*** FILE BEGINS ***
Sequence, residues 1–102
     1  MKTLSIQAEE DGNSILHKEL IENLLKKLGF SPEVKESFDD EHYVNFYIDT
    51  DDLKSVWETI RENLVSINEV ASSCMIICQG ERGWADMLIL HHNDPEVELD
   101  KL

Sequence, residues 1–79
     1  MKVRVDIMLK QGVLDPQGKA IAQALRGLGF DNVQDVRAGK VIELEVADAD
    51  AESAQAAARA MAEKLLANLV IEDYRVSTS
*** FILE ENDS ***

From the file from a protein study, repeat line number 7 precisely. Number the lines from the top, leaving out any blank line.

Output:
    51  AESAQAAARA MAEKLLANLV IEDYRVSTS